Image copyright © by Marcus Trahan



My Aunt Cora Van “Cokie” Bradford in Corsicana, Texas, was a big fan of musicals. If a roadshow production came to Fort Worth or Dallas, she would probably be there in the audience, and she would buy the original cast album afterward. At first, these were actual albums (and I’ll bet a lot of kids in this downloading age have no idea where that term came from), big books with four or five or six sleeves for 78 RPM platters. Later it was those newfangled “Hi-Fi” 33 1/3 LPs that sounded a heck of a lot better. I spent many a blistering hot Corsicana afternoon sitting in front of the Victrola in her air conditioned parlor (a real rarity in those days) listening to her collection of Broadway and classical music. Kismet, The King and I, South Pacific, Showboat, Kiss Me Kate, Brigadoon, Paint Your Wagon, My Fair Lady … she had them all. I must have been about ten.

I remember sitting with Aunt Cokie listening to this one, the first effort of the most successful collaboration in Broadway history, that of Richard Rodgers and Oscar Hammerstein II. She explained some of it, with a wicked grin on her face. Things like, poor Jud was not dead, it was just Curley singing a song, trying to persuade the dummy to off himself by describing what a great thing his funeral would be. With that understanding, the song was stood on its head and became very funny. It was probably my introduction to black humor, which has been my constant and welcome companion through the rest of my life.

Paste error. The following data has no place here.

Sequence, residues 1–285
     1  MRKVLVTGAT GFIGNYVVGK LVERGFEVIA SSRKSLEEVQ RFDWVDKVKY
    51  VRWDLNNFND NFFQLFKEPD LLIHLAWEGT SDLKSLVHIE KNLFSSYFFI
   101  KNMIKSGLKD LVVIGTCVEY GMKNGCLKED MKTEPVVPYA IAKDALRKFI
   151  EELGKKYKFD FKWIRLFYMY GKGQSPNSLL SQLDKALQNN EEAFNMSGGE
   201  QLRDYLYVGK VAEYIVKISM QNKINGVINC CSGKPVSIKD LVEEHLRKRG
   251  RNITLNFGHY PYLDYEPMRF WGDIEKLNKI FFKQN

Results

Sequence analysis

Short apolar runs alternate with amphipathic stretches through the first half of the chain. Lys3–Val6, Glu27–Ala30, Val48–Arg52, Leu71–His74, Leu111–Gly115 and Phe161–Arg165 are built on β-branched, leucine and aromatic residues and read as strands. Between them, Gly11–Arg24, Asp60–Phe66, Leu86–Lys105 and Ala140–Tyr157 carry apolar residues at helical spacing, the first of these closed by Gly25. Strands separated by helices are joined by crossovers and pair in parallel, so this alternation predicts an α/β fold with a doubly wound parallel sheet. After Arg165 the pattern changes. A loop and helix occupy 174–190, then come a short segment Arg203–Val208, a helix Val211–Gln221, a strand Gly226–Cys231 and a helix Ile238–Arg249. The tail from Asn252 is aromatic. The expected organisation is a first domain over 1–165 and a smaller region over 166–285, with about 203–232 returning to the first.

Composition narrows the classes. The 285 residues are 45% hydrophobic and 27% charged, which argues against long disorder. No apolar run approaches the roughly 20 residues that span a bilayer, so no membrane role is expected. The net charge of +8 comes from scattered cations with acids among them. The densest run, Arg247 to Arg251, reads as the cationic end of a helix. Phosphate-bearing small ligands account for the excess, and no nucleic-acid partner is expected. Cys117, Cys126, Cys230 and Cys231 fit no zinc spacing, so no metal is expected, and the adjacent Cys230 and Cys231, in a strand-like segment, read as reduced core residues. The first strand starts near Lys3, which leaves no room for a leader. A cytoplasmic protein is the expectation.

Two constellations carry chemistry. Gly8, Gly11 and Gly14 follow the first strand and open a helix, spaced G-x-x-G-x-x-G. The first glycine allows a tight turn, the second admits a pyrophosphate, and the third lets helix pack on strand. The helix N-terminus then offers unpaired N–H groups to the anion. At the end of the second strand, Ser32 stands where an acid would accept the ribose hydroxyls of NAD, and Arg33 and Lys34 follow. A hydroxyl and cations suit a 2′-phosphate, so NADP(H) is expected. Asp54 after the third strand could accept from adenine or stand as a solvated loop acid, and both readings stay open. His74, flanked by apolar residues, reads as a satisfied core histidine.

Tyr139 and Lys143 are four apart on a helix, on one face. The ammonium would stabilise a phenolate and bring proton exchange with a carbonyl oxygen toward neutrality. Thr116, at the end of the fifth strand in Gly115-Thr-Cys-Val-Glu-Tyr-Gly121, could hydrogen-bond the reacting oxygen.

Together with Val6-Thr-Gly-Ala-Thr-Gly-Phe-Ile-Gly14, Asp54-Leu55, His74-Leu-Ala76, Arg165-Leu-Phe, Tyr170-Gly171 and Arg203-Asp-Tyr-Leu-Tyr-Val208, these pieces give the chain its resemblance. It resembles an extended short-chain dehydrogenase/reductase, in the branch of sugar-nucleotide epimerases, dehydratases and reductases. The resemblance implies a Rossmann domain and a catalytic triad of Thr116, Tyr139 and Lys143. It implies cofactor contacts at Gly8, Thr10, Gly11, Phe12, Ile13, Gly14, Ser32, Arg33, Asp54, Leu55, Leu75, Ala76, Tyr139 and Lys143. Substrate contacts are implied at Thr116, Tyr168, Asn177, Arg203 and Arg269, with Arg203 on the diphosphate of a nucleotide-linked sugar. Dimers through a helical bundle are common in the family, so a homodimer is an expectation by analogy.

I didn’t realize at the time that this was one of the earliest “book” musicals, that is, a play where the music is an integral part of the story and helps move it along while adding to character development. The first is generally agreed to be Jerome Kern’s Showboat, in 1927. Before that, big musicals were most revues, like Ziegfeld’s Follies. Anyway, I liked them all, but I adored this one. And later, for the first time I remember, I was able to go to a movie where I already knew all the music.

I still like it, though much of it is a bit dated now. What I hadn’t expected at my first viewing, and am not sure I totally got, was the fifteen-minute ballet sequence brilliantly choreographed by Agnes de Mille. I particularly liked the fact that they shot much of the movie in the outdoors, except for the ballet sequence. “You know we belong to the land, and the land we belong to is grand!” No musical I know of is more bound to the land, and the endless prairie and cornfields and wide open spaces lend themselves to this.

The one thing that feels wrong about the show is that almost all of it happens during one day … except for an ending that feels tacked on, three weeks later at Curley and Laurey’s wedding. Jud shows up, Curley accidentally kills him, and there is a silly trial to find him not guilty. Then they reprise “Oh What a Beautiful Morning.” I don’t think any of that was necessary. They could easily have moved Jud’s death to after the dance. Then it could have ended where it should have, with the stirring rendition of the title song.

Oh, and thinking about it, I sort of feel this day will be the high point of Curley and Laurey’s lives. I think he will make a terrible farmer, turn to drink, get bitter, ride off into the sunset looking for a cow to punch … but that’s all for a Stephen Sondheim musical, I guess.